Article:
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US regulator acts to curb ICO 'fraud'

The assets of a business behind an 'initial coin offering' (ICO), as well as those of its owner and owner's partner, have been frozen by a US court in response to concerns expressed by a regulator that the scheme is a scam.06 Dec 2017

The Securities and Exchange Commission (SEC) said that since August PlexCorps had raised up to $15 million from thousands of investors "by falsely promising a 13-fold profit in less than a month".

The company, together with its owner Dominic Lacroix, are accused of having "marketed and sold securities called PlexCoin on the internet to investors in the US and elsewhere, claiming that investments in PlexCoin would yield a 1,354% profit in less than 29 days", SEC said.

The regulator was granted "an emergency asset freeze" by a federal court in New York as part of a broader case brought by its new cyber unit.

Robert Cohen, chief of the cyber unit at SEC, said: "This first cyber unit case hits all of the characteristics of a full-fledged cyber scam and is exactly the kind of misconduct the unit will be pursuing. We acted quickly to protect retail investors from this initial coin offering's false promises."

In papers filed before the New York court, the cyber unit has accused PlexCorps, Lacroix, and Lacroix's partner Sabrina Paradis-Royer, of breaching anti-fraud provisions of US securities laws. PlexCorps and Lacroix have also been charged with violating registration rules under those laws.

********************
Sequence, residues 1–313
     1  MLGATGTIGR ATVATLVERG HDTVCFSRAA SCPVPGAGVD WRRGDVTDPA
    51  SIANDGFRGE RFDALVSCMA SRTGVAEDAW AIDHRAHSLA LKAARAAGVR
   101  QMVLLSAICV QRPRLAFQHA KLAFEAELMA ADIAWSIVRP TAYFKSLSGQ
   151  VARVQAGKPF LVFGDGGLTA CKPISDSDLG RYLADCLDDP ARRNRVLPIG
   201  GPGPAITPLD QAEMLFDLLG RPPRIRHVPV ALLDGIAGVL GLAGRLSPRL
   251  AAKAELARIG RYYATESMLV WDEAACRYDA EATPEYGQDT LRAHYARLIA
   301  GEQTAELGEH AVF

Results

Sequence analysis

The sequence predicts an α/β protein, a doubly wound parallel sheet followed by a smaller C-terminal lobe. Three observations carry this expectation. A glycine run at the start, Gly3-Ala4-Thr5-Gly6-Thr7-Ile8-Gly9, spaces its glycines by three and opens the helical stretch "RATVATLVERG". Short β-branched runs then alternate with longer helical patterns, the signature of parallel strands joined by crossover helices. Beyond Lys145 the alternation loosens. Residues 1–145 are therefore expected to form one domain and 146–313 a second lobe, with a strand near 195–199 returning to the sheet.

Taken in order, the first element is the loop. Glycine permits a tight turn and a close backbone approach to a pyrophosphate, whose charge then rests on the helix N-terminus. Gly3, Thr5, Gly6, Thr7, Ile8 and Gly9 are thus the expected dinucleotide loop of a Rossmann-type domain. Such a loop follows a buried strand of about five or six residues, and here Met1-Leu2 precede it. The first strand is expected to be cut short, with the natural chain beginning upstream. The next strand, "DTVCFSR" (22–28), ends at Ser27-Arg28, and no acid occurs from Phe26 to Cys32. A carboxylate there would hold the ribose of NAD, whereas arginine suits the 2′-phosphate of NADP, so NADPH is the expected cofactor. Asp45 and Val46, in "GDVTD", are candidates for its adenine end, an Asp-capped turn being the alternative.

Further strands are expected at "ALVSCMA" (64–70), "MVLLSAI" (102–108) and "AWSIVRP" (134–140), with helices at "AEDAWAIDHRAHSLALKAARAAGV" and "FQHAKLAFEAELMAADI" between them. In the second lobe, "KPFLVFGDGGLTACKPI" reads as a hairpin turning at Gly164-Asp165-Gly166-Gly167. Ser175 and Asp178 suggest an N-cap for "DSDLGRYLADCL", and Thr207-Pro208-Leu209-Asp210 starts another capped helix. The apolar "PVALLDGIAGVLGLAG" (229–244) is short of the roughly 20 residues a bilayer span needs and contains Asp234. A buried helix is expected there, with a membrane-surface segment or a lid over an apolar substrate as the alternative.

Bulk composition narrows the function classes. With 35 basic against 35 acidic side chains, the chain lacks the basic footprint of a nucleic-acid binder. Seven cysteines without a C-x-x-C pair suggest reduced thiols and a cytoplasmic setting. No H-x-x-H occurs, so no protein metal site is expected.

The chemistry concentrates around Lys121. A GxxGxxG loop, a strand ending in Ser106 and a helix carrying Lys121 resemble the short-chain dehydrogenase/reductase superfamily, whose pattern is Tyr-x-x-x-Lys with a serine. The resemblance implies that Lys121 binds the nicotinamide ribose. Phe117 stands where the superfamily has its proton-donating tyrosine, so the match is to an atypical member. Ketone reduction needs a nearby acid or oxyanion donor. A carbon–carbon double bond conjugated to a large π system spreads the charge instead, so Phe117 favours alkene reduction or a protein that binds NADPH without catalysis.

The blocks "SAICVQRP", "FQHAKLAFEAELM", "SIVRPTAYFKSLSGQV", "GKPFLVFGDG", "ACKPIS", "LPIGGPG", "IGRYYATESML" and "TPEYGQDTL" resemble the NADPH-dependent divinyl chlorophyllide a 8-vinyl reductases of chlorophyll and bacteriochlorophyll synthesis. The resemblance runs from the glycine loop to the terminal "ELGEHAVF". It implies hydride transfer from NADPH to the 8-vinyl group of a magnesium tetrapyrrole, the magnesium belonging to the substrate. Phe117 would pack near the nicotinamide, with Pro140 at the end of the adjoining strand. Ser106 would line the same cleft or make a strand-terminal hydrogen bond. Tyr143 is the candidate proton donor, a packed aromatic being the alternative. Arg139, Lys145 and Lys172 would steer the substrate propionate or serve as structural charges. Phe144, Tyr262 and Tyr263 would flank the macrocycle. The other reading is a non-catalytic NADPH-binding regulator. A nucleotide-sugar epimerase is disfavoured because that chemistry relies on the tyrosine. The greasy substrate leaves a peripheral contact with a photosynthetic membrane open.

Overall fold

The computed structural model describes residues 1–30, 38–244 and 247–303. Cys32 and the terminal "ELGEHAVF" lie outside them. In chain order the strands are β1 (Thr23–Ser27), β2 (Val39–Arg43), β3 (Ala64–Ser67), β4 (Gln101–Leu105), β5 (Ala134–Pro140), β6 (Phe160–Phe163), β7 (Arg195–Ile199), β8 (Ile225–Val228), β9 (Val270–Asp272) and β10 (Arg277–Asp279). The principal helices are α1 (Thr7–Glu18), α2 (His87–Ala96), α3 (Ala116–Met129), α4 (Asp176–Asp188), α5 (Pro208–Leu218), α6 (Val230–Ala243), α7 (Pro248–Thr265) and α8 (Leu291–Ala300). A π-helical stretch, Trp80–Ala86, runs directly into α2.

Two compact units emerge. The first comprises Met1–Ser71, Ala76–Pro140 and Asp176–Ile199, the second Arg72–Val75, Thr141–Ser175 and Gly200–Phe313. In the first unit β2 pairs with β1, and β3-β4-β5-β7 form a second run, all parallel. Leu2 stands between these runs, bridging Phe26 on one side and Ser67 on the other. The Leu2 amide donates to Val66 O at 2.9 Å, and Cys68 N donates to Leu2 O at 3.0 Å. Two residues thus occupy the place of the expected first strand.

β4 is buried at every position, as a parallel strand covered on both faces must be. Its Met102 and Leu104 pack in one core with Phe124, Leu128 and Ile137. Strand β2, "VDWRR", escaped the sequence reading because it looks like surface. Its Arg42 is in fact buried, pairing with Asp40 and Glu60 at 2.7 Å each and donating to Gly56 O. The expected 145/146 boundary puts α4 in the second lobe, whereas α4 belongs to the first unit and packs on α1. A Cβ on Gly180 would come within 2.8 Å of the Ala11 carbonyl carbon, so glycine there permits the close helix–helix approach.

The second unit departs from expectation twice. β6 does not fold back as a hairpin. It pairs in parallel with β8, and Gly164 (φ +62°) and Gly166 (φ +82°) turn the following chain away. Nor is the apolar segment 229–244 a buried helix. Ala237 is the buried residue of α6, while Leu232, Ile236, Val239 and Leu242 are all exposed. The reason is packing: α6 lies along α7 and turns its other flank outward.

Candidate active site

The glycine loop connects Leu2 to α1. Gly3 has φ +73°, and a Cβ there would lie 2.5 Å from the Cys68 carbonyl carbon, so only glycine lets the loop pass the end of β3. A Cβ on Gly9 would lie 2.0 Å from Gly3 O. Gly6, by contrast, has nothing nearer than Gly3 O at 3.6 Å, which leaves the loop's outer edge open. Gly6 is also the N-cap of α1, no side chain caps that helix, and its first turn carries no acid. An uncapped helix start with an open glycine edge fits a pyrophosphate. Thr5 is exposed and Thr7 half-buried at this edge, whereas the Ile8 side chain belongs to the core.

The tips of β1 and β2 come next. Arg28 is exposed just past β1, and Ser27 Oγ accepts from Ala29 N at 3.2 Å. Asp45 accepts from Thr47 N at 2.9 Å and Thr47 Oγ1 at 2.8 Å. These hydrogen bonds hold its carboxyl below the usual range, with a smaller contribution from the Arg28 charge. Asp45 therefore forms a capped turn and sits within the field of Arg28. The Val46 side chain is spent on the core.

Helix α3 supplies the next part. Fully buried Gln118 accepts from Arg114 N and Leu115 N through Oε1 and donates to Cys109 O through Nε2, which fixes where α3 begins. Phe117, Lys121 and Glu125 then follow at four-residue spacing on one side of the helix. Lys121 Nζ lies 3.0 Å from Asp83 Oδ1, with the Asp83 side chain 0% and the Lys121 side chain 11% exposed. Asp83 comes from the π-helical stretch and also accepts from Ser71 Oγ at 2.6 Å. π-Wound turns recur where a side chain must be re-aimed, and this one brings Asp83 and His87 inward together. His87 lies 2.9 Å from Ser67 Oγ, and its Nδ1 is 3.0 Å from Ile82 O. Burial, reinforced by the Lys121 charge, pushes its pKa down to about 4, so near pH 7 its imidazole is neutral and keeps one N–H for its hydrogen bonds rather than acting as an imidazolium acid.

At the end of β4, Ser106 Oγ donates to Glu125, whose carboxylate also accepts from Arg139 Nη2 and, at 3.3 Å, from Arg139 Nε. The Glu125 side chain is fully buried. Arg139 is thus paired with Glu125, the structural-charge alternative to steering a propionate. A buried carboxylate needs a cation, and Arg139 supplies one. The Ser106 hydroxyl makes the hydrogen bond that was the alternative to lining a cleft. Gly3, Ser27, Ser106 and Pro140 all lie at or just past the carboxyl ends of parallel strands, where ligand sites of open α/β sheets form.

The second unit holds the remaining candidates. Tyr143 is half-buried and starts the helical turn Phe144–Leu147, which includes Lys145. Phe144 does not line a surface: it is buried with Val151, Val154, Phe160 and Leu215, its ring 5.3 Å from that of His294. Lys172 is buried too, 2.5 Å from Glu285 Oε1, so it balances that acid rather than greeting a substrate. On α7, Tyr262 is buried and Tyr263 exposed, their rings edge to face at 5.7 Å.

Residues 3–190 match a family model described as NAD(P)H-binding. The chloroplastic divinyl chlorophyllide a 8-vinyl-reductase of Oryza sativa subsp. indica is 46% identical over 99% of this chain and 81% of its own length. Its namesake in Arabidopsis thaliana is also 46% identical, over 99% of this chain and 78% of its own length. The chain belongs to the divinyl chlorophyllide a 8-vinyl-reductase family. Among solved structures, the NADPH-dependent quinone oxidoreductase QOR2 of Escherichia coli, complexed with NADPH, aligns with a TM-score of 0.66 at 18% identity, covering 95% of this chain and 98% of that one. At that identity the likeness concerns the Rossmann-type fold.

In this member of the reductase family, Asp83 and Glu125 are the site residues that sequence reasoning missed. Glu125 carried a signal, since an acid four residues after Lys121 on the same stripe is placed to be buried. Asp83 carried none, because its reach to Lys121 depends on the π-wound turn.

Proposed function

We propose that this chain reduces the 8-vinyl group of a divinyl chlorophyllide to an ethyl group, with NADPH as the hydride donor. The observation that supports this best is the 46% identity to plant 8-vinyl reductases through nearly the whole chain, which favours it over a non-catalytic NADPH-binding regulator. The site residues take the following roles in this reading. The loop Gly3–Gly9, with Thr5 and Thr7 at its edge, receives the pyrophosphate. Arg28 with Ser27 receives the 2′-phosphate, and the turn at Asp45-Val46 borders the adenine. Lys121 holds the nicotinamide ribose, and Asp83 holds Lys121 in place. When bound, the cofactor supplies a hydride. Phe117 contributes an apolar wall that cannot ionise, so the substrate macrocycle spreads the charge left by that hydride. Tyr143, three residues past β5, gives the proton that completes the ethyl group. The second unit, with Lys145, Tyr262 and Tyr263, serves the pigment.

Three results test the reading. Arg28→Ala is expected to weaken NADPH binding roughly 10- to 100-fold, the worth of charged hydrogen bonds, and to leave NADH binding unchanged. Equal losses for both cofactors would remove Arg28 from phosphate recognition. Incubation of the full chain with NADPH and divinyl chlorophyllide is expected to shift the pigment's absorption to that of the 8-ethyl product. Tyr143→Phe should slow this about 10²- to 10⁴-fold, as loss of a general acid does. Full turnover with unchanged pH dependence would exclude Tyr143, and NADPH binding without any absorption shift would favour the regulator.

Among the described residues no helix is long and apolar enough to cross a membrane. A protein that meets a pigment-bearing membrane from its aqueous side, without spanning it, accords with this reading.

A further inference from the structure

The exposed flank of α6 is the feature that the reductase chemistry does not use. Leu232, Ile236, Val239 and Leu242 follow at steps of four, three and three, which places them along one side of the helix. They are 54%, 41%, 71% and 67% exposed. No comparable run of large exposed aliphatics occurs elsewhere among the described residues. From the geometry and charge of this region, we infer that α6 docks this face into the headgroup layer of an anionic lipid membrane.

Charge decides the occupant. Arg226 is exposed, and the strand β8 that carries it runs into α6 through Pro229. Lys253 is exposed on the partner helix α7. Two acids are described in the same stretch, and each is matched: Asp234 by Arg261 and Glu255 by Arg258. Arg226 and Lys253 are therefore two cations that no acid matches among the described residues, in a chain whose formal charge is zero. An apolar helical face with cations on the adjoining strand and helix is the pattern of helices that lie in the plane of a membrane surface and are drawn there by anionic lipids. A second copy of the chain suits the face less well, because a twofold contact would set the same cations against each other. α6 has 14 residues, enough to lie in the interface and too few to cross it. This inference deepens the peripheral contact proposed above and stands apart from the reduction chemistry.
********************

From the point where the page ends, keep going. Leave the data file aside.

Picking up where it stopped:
The SEC said it is seeking "permanent injunctions, disgorgement plus interest and penalties". It has also asked the court to issue an order barring Lacroix from serving as a company officer or director and a further order barring Lacroix and Paradis-Royer from offering digital securities. The SEC has described Lacroix as "a recidivist Quebec securities law violator".

The SEC's new cyber unit was set up in September to address "misconduct involving distributed ledger technology and initial coin offerings, the spread of false information through electronic and social media, hacking and threats to trading platforms", the regulator said.